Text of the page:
|Royapuram railway station, Chennai en. wikipedia.org/wiki|
As time goes by, Royapuram railway station building is in a dilapidated condition over the decades due to poor maintenance and neglect. Pathetically, one end of the station has become a play ground and the other end is is being used for the transport of goods trains and the platform adjacent the main building is used for passenger trains. A sum of rupees 3.5 million was spent to carry out major repair works and was re-opened to the public on 2 October 2005 by the then union railway ministry. The station is classified as one among 800 heritage structures.
It was here at Royapuram railway station, the laying down of the second railway line of the South Asia began in 1853. The idea of a railway in South India was mooted as far back as in 1832. Though the Madras Railway Company was formed on 8 July1845 in London to form railway lines in the Madras Presidency, four years later, it was the Great India Peninsula Company in 1849, built a 21-mile-long route from Bori Bunder (later the Victoria Terminus) in Bombay to Thane. It was India's first railway line opened for traffic on 16 April 1853. As for the south, the EIC did not show any interest initially and subsequently a new company with the same name was formed in July 1952 and with permission from the English company - EIC it began the work on the southern line in 1853 and a railway track was extended from Royapuram (Madras) to Arcot town ( a distance of 101.74 km), then titular capital of the Nawab of the Carnatic (the present day Walajapet, near Ranipet in Tamil Nadu). It took 3 years to complete the work.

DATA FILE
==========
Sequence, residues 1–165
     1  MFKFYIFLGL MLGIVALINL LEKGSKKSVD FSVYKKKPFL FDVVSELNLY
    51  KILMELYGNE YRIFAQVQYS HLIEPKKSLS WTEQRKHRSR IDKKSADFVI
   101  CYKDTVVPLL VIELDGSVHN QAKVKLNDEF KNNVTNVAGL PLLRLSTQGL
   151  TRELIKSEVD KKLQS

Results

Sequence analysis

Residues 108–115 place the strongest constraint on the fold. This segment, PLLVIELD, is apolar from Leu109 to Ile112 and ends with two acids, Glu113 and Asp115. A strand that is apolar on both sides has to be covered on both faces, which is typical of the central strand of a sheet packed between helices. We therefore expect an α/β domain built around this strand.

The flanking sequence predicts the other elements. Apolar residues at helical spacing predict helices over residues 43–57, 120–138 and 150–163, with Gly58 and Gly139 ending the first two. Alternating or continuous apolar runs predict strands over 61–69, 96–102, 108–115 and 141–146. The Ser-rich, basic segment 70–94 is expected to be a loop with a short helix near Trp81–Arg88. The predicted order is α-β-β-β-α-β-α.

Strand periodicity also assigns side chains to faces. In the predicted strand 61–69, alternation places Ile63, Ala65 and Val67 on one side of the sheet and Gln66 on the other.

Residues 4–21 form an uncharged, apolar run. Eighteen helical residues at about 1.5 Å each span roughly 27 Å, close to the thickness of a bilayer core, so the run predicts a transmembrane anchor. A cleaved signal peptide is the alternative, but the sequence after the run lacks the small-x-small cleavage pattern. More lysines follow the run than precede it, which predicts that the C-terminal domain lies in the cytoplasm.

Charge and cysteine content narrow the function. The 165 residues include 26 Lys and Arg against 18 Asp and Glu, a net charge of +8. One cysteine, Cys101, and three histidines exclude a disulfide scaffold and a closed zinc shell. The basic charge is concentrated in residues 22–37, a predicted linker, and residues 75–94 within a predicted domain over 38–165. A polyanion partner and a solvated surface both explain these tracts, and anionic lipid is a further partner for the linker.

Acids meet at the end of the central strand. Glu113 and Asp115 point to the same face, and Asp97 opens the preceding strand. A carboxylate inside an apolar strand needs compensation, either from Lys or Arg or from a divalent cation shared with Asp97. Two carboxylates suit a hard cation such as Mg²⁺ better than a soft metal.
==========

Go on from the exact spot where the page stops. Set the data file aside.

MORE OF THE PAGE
As Royapuram was close to the edge of a settlement of British traders and natives near Fort St. George and, in consideration of its vantage point, it was decided to have a railway station with a main terminus built here. The main terminus at the Royapuram station, was declared open on 28 June 1856 by the then Governor Lord Harris. The railway line was opened for traffic on 1 July 1856 with the introduction of two services on the inaugural day - Royapuram to Ambur and Royapuram to Tiruvallur. The first train produced by Simpson and Company, made its maiden journey with the Governor and 300 Europeans from Royapuram to Walajapet and after the journey, a stately dinner was arranged in Ambur. The second train included Indian invitees to a shorter distance till "Triveloor" (the present day Thiruvallur).
Royapuram station, 1856. Sketch by
Capt Barnett, Madras Army.v-sundaram.blogspot.in
|Gov. of Madras Harris 1854-1859. Painting by Sir Francis Granth.v-sundaram.blogspot.in|
|Opening of 2nd rail track, Royapuram.v-sundaram.blogspot.in|
A fascinating fact about the Royapuram railway station is it ranks second next to Howrah, Calcutta in India in terms of space availability with 246,000 sq m. The station covers a huge plot of 72 acres of prime land and has about 28 tracks. Located about 2 km from Chennai Central station, part of the station serves the suburban traffic in the station. The historic station has arches, ionic pillars and high-rise ceilings with a separate goods shed. No doubt it is an interesting heritage building that needs to be preserved for the posterity.